Image above: ©Carine Marescas, The Surge #1. Courtesy of Emmanuel Fremin Gallery.
Carine Magescas is a French photographer living and working in New York City. Prior to her relocation in 2013, Carine spent nearly fifteen years in California honing in her craft, cultivating it with fine technique. Today, her dexterity for sophistication can be experienced within a single frame, both visually and conceptually.
A French transplant living in the United States, Carine’s vision is endowed with a placeless, timeless sensibility: she creates images of the familiar that speak to the universal, allowing viewers to collectively find quiet sanctuary in her dreamlike seascapes. In line with the anecdote: the beach, surfboards, and lifeguard stands quintessentially placed and positioned along the edges of a vast shore evoke stillness, secluding viewers to a space of self-reflection. Through delicate overexposure and a minimalist approach, Carine captures a luminous haven of subdued serenity, summoning a surge of introspective awakening within her audience. As such, her oeuvre limns a metaphysical experience, beyond the form and function of space and time.
©Carine Marescas, Out of Time. Courtesy of Emmanuel Fremin Gallery.
©Carine Marescas, Ray of Moon. Courtesy of Emmanuel Fremin Gallery.
Carine photographed her collection off-season, with access to some of the most iconic American beaches in Montauk and on the Northern coast of California. Fascination with the human story, particularly in its immensity and meekness, paradoxically comes alive when human presence is at its scarcest – the banal suddenly becomes [opaque] reverie. This can be seen in Carine’s “Out of Time” in which a lack of subject matter arouses a sharp separation from the friction of daily life and its infinite inhabitants. As the fine line scratched between our diurnal dystopia (depicted by earth and its sandy shores) blends with the illusive pursuit of happiness (emanating from the ocean’s utopian embrace,) time remains at a standstill. Our surfers rendering shadowed silhouettes lined with silver thus achieve a holistic, Yin Yang state of being – higher in awareness, each vertical figure emerges toward the universal. Recurring throughout Carine’s photographs, one piece in particular emanates this carefully constructed theme. Reminiscent of Barnett Newman’s abstract expressionist color field work, Carine’s “Ray of Moon” dissolves in sleek waters, succinctly encapsulating her leitmotif with a single, attenuated line illuminated against an elegant darkness.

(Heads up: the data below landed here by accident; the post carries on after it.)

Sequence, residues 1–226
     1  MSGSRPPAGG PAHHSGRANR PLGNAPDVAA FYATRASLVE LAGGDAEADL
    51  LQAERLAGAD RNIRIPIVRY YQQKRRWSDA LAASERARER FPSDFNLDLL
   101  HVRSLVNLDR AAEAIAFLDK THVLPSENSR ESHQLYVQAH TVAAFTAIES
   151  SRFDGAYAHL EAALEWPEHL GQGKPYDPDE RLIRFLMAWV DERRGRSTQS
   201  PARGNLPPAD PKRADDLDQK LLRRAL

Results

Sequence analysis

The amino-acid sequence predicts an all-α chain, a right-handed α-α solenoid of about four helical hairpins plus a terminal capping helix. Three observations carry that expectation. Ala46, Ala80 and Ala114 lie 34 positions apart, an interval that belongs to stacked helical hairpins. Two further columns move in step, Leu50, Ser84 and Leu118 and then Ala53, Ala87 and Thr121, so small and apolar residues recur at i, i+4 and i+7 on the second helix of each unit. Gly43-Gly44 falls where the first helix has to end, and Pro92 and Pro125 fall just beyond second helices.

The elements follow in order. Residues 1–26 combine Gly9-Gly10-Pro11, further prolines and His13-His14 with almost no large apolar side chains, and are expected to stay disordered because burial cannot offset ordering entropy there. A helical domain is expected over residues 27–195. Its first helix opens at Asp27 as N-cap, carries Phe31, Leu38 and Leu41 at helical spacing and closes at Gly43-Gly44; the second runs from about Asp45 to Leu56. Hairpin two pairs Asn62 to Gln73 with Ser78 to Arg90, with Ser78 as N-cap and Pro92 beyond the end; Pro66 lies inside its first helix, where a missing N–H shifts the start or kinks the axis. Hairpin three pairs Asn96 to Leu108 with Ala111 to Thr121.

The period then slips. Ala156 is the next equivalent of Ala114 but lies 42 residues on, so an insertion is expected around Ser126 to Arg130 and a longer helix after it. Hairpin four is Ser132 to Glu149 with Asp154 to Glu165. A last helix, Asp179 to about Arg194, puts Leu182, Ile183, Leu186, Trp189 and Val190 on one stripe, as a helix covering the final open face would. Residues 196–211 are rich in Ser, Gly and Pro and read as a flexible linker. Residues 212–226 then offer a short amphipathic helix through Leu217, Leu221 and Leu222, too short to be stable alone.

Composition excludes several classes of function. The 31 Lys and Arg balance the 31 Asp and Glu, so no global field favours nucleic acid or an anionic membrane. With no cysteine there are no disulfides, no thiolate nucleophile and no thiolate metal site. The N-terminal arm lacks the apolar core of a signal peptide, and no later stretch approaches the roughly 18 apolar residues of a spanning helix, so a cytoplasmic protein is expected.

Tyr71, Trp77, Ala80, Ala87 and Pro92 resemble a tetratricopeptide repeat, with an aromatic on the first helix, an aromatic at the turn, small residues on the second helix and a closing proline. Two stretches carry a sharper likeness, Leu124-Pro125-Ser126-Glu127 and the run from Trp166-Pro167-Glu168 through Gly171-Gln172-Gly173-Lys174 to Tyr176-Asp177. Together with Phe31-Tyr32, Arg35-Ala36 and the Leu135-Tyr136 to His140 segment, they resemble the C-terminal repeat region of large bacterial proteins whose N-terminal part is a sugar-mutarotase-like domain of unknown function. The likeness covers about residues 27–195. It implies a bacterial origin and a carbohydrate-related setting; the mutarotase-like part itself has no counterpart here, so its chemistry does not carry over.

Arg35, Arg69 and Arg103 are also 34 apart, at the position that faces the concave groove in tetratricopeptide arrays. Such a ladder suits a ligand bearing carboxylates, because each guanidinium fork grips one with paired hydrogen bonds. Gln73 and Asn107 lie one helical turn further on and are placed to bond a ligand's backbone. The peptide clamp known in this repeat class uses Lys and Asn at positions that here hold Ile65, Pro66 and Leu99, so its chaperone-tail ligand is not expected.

Off-season means quiet, though by no means static – the vast expanses of shoreline and beach in Carine’s images, rid of all seasonal furor, bring forth a spontaneous sense of internal armistice and alignment with the now. In and of themselves, photographs are testaments to the ephemeral; one must sit and converse with the shot to fully understand and endure a single captured moment. The images in ‘The Surge’ series dissolve into the viewer’s consciousness like a tablet in a glass of water: the blues, the powdery sand, the contemplative skies existing far from visceral anxieties of daily life. It’s as if the world is given back its humility – its colors lush, its sweetness made visible once more through a vague memory experienced subjectively, for the second time. Through a self-driven post-production process, Carine’s stream of consciousness is refined then executed conceptually, with a finished product mantled in transcendent nuances.
©Carine Marescas, American Woman. Courtesy of Emmanuel Fremin Gallery.
Not surprisingly, Carine deeply admires Saul Leiter’s work. To quote Leiter, “I simply looked at the world, not really prepared for anything […] I like it when one is not certain of what one sees; when we do not know why the photographer has taken a picture and when we do not know why we are looking at it, all of a sudden we discover something that we start seeing. I like this confusion.” ‘The Surge’ series is a true sight to be seen and felt through its reflective nature and visual aesthetic; after experiencing Carine Magescas’ exceptional artistry, you will inherently be led toward a path of self-actualization through the pondering of existence and its beauty – the beauty that lies subtly, in all moments of contemplation.
Biography written by Tanya Mirza